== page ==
Grifters get the money—grandma gets the boot
On Halloween, 2021, six grandmas and one grandpa in a 16-unit apartment community received a notice from their new property management company. It said “120-day renovation notice” and referenced an upcoming rent increase.
The notice was quite a shock, because over this last year, any time maintenance or supervisors for the company showed up, they would go on about how they “loved” the Grandma corner—How they appreciated the way the Grandmas kept the homes in good condition and planted flowers.
The notice encouraged residents to move to one of the company’s newly renovated units. The residents had previously paid $650. Then their monthly rent was raised to $850, and then to $1050—with encouragement to move into the renovated units for $1675.
Grifters—those whose deceptive behavior means they gain, you lose
The Grandmas feel conned. The previous owner said he was “sick to his stomach” that he had sold to the current property owner. It is now managed by InCity Properties based in Seattle. He had no idea that they would simply start charging more for the same apartments, or worse yet, displace the residents.
Some of the residents of the apartment complex were elderly and/or disabled. They had planned on living out their retirement years as neighbors in that community. Within a four-month period of time, their rent had increased by more than $450. They feel unwelcome and know they have a limited amount of time to find a new home in a market where rents are high and continually rising.
According to Washington Landlord/Tenant law, any landlord embarking on renovations can give tenants notice. The property management company could just have told the residents to move out instead of increasing their rent.
Just Cause law extends move-out time when landlords terminate a rental
The day the moratorium ended (October 2021), many tenants in Washington State were given 60-day rent increase notices. Rent hikes ranged from $300 per month to double or triple the rent, as was seen in Spokane. While the Omicron variant is surging, many with fixed incomes face the stressful and heartbreaking task of finding a new home.
There is a ray of light coming from the efforts of the Tenants Union in Washington State. The group has little money, but a strong sense of community. The union has worked for years to get protections for tenants in Washington State. One of their victories is the “Just Cause” law that tripled the amount of time tenants facing a rent hike now have to move—60 days instead of 20.
It has been a grueling year from the pandemic and the Tenants’ Union work is far from done. Many low-income and retired people will need to come up with hundreds of dollars more in rent each month—or move. Since there are no rent control laws in Washington State, many wonder how they will make ends meet, and whether they can find a place to live at all.
Rent protection laws like Seattle’s needed in Olympia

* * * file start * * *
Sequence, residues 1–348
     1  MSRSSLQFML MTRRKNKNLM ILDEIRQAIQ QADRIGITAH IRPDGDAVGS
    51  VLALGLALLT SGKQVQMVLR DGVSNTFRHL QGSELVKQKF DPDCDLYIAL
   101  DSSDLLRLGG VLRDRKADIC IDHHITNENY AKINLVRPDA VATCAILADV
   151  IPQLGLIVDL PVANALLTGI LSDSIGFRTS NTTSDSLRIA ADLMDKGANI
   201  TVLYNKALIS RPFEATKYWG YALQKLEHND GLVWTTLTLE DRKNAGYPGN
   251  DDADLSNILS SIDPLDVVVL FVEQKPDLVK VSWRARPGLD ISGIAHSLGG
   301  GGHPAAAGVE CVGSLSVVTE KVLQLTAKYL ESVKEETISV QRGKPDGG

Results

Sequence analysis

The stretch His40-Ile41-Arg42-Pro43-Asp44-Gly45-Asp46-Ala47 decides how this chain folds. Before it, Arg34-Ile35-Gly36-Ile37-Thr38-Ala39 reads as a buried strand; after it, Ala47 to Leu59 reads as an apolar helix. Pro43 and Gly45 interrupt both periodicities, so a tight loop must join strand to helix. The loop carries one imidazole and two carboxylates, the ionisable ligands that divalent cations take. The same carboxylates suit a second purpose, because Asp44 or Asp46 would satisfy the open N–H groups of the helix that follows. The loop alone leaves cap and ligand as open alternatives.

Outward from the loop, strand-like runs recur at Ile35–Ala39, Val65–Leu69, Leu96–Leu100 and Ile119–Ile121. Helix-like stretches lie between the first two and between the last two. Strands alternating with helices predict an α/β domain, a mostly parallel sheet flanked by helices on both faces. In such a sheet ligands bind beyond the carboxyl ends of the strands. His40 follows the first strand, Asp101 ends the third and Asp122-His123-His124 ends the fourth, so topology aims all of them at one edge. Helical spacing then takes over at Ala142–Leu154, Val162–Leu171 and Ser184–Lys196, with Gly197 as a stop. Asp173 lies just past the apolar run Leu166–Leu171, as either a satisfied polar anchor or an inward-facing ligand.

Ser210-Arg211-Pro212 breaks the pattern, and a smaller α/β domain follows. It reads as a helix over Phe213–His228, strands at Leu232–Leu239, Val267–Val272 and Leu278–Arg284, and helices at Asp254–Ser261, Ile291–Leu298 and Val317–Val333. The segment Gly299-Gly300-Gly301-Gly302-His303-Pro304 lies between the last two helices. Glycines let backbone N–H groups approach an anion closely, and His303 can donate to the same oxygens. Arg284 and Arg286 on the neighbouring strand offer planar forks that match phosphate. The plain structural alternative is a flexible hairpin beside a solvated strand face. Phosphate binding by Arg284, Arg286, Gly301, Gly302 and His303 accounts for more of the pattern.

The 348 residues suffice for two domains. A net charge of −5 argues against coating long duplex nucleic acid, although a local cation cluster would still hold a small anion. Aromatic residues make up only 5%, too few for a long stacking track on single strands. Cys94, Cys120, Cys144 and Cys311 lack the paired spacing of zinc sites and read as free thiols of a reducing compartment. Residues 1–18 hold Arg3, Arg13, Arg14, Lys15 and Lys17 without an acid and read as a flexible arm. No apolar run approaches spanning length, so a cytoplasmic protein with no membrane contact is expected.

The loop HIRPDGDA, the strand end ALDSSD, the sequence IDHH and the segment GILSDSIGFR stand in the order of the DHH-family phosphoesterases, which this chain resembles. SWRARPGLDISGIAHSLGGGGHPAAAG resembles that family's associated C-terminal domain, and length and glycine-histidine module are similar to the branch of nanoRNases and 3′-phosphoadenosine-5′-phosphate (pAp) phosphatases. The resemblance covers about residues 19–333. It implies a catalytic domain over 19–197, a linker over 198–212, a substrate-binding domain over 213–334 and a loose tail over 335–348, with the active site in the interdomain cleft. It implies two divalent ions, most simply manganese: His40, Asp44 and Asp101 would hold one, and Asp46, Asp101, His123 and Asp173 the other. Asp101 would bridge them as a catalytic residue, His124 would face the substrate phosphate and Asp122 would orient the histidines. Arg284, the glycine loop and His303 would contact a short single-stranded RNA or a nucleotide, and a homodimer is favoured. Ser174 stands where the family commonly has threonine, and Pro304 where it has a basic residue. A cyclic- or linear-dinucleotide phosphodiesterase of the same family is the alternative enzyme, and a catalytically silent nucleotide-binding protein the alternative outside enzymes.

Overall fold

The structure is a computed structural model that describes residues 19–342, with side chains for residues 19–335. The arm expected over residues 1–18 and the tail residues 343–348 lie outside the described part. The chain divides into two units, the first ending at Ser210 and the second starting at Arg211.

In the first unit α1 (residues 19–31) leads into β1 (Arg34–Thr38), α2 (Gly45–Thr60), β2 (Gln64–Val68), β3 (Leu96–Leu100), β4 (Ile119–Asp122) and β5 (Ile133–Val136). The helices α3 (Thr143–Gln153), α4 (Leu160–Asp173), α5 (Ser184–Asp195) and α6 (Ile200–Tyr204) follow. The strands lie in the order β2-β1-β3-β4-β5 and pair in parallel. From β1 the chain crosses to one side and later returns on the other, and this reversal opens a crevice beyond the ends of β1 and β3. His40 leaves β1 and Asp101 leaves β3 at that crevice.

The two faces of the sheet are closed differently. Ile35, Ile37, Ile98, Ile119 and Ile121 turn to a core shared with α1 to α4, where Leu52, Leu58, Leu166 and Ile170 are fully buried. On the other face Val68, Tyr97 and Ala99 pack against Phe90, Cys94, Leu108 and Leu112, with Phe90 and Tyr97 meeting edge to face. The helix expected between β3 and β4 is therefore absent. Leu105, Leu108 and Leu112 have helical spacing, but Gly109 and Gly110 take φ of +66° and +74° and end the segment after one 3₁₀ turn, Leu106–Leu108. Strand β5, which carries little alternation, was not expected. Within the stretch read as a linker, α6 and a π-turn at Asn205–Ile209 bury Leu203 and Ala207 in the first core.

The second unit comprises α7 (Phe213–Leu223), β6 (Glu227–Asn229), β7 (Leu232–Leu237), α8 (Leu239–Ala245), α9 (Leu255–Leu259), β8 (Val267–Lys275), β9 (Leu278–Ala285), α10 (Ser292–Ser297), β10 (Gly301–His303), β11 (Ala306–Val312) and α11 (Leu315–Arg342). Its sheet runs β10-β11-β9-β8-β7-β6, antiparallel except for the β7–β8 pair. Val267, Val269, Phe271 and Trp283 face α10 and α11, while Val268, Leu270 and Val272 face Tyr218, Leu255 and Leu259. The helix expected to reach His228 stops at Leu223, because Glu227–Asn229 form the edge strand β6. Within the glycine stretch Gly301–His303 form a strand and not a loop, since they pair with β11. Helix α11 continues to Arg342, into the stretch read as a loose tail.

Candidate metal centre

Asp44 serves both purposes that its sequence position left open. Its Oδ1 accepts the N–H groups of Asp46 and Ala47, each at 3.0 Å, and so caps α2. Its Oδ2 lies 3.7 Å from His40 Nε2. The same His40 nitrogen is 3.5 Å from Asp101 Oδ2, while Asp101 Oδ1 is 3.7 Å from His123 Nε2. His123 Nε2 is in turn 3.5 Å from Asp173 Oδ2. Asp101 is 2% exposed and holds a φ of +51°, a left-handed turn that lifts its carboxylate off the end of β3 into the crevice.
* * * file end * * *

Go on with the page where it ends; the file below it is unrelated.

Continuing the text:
As of this writing, the current market rents posted on apartmenthomeliving.com show the average price for a one-bedroom rental in Thurston is $1764, and $2038 for two bedrooms. The average mortgage payment across the nation is $1556. In other words, with a down payment, what people pay in rent in Thurston County could buy them a home.
These prices are nowhere near the low estimates from the Department of Housing and Urban Development, which places the average rent for a one-bedroom at $1076 and a two-bedroom at $1273. Section 8 voucher holders are not allowed to rent units above these amounts.
Policies to ensure that working families can afford housing
It is clear that Washington State needs rent protection laws. Seattle shows the way, passing two important rent protection bills in September of 2021. The first requires landlords to give 180 days’ (six months) notice for a rent raise.
The second bill protects tenants faced with a rent increase of 10% or more. If they earn 80% or less of the area median income, they are eligible to receive a relocation assistance payment from their landlord. This payment is equivalent to three months of their current rent, an amount intended to help cover high “move-in” costs—a security deposit plus first and last months’ rent, on their new home.
Other states have taken steps to protect their tenants. Oregon passed rent control legislation in 2019. California followed suit on January 1, 2020. California learned from the rapid rent hikes in Oregon, so they used the prices from March of the previous year as a baseline.
None of the housing built in 2021 is affordable to 47% of Olympia residents
Not only should there be rent safety legislation, there should be more investment in low-income housing. Millions of dollars of federal funds from the American Rescue Plan have been given to cities and counties. As noted in the October issue of WIP, there is little transparency or oversight to show how Thurston County’s $82 million is being used. Another WIP story from the same issue points out that no new low-income housing has been built using tax-credit financing intended for that purpose.
Shah, Bang Mei lives in Olympia and is currently looking for a safe, affordable place to live.